Tag Archives: virginia newspapers

Newsies! Not the Movie!

Richmond’s Style Weekly published an engaging cover story about “Children of the Streets of Richmond, 1865-1920,” a book recently published by local writer, Harry Ward.

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We’ll let the article do the talking, but suffice it to say, the book covers a lot of ground about an era of Richmond history that often makes the state capital sound like a wild west boom town:  5-6-7 year old newspaper boys, a rasher of neighborhood  gangs, red light districts, and other sordid stories describe a city quite different from the one we know today. Which is no surprise given that many of the tales told took place over 100 years ago.

As it relates to Fit To Print, the author appears to make good use of newspapers to support his research into an array of court cases.

http://www.styleweekly.com/richmond/street-wise/Content?oid=2222010

The Virginia Newspaper Project recommends the Style Weekly article as the images and text provide a glimpse of Richmond history now gone but not lost thanks to thousands of stories and reports found in our local newspapers.

 

 … read more »

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The Mountain Laurel

Virginia Chronicle is currently home to over 50 newspapers online. We are particularly happy to include late 20th century newspapers such as the Virginia Farm Bureau News as part of the array of titles that provide rich content, documenting the events and lives of citizens throughout the commonwealth.

Main Page Mt. Laurel

Another newspaper/journal of note from the late 20th century is the Mountain Laurel: The Journal of Mountain Life, a publication that for years recorded engaging stories, both big and small, about the people living in the shadow of the Blue Ridge Mountains in an area known as the Meadows of Dan.

The Library’s online collection matches the print run of the Mountain Laurel: 1983 – 1995.

But the Mountain Laurel lives on online at http://www.mtnlaurel.com/.

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Bob Heafner, one of the founders of the Mountain Laurel, continues to add stories and photographs to the site and with each contribution the journal provides yet another tantalizing glimpse of mountain life.

I don’t think the founders and editors of the Mountain Laurel would be offended if it is said that the journal is redolent of the best that the Foxfire series had to offer over the years.  By reading the pages of the ML online at Virginia Chronicle or at the mtnlaurel.com, get ready to learn a few practical things about living in the mountains and to soak up a bit of timeless wisdom from voices that stretch back generations.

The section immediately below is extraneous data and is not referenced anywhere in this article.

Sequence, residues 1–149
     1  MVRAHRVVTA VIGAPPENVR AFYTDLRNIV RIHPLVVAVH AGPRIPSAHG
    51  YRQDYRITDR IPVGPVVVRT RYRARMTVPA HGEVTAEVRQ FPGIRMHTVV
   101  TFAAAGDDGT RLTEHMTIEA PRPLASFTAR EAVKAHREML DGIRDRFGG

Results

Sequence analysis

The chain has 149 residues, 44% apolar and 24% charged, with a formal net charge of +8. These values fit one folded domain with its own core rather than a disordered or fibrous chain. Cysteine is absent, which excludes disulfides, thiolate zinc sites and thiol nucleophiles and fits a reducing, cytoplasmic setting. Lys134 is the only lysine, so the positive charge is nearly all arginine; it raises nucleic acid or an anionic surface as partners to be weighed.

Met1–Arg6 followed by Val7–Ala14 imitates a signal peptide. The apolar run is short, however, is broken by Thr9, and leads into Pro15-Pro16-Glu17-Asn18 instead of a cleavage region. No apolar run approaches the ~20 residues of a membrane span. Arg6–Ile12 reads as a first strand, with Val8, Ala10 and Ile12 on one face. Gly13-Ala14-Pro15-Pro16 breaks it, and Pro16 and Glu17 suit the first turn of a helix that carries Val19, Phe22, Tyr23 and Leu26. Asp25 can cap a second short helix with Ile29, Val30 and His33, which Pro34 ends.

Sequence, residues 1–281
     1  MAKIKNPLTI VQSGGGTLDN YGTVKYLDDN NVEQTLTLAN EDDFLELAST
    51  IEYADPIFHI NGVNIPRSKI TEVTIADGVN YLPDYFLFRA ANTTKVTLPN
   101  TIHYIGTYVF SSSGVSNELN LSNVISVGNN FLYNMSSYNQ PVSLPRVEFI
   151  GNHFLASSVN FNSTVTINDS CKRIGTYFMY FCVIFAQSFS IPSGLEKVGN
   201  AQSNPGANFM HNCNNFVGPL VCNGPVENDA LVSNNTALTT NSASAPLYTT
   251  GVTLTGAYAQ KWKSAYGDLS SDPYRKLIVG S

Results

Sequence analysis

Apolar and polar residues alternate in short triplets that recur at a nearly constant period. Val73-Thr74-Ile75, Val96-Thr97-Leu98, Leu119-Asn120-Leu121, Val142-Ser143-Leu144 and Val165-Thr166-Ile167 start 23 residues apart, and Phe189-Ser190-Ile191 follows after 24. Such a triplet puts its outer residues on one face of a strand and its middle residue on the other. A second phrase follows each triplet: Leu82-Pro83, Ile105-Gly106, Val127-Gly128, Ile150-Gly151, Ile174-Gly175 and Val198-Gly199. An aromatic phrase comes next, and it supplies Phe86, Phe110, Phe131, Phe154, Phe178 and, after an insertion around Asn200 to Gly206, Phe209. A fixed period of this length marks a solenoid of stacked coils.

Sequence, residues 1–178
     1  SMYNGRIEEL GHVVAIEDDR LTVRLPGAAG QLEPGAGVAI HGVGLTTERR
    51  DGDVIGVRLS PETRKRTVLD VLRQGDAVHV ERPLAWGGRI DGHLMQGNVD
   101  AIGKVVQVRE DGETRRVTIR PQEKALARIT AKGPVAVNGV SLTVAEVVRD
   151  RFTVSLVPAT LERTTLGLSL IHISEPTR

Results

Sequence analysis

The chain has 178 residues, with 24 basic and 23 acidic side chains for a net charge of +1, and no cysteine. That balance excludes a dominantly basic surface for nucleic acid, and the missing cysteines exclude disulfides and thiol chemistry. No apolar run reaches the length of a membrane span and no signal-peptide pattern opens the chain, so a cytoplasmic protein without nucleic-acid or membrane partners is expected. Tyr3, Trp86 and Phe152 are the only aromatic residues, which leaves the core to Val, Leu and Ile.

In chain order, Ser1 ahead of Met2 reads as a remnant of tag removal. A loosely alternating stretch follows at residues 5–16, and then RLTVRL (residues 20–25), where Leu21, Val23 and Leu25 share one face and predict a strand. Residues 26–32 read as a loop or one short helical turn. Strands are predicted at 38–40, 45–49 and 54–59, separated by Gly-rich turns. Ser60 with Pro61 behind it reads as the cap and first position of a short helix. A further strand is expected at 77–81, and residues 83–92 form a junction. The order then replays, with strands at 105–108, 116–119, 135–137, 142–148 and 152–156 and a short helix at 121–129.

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For example, I was curious about a couple of the more arcane food items that I have heard about over the years: ramps and poke sallet. Sure enough, a search on Virginia Chronicle of the pages of the Mountain Laurel gave me a nice starting point for additional research when it comes to local usage of each … read more »

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The Amateur Press

SouthernerThe American Antiquarian Society recently donated two miniature amateur newspapers to the Library of Virginia from its large and impressive collection of early amateur publications.  According to the American Antiquarian Society, the amateur newspaper occupies “an unusual place in the history of journalism” created “to afford pleasure to its readers as well as to its editor and its publisher. The rage to publish, rather than profit, is the motive that most often induces people to become amateur journalists; and, throughout the history of the genre, most but not all amateur journalists have been juveniles.”

The Southerner, published in Newport News by the Virginia Pub. Co., began in 1904 and was edited by A. M. Hamilton. Every issue of the Southerner had a different motto ranging from “The Virginia Boy Advocate” to “Virginia’s Monthly Magazinelet” to “The South’s Literary Exponent.” The subscription for the publication was a reasonable 25 cents a year (foreign subscriptions 50 cents) and advertising could be bought for five cents a line or fifty cents per inch, not a bad deal considering the paper’s size: seven inches by five inches. The Southerner contained poetry, editorials about the amateur press, character sketches, and short stories.

The Virginian, published, coincidentally, in Tiny, Virginia, was edited by Elihu J. Sutherland, scholar, genealogist, member of the National Genealogical Society, WW I soldier, teacher, lawyer, and noted local historian. Several historical works by Sutherland on Dickenson County can be found at the Library of Virginia, including Dickenson County in War Time, Pioneer Recollections of Southwest Virginia, Folk Games from Frying Pan Creek in Dickenson County, In Lonesome Cove; Poems from TVA-Land and Meet Virginia’s Baby.

Volume one, number one of The Virginian, distributed in March 1908 (also measuring Virginianseven inches by five inches) included three poems … read more »

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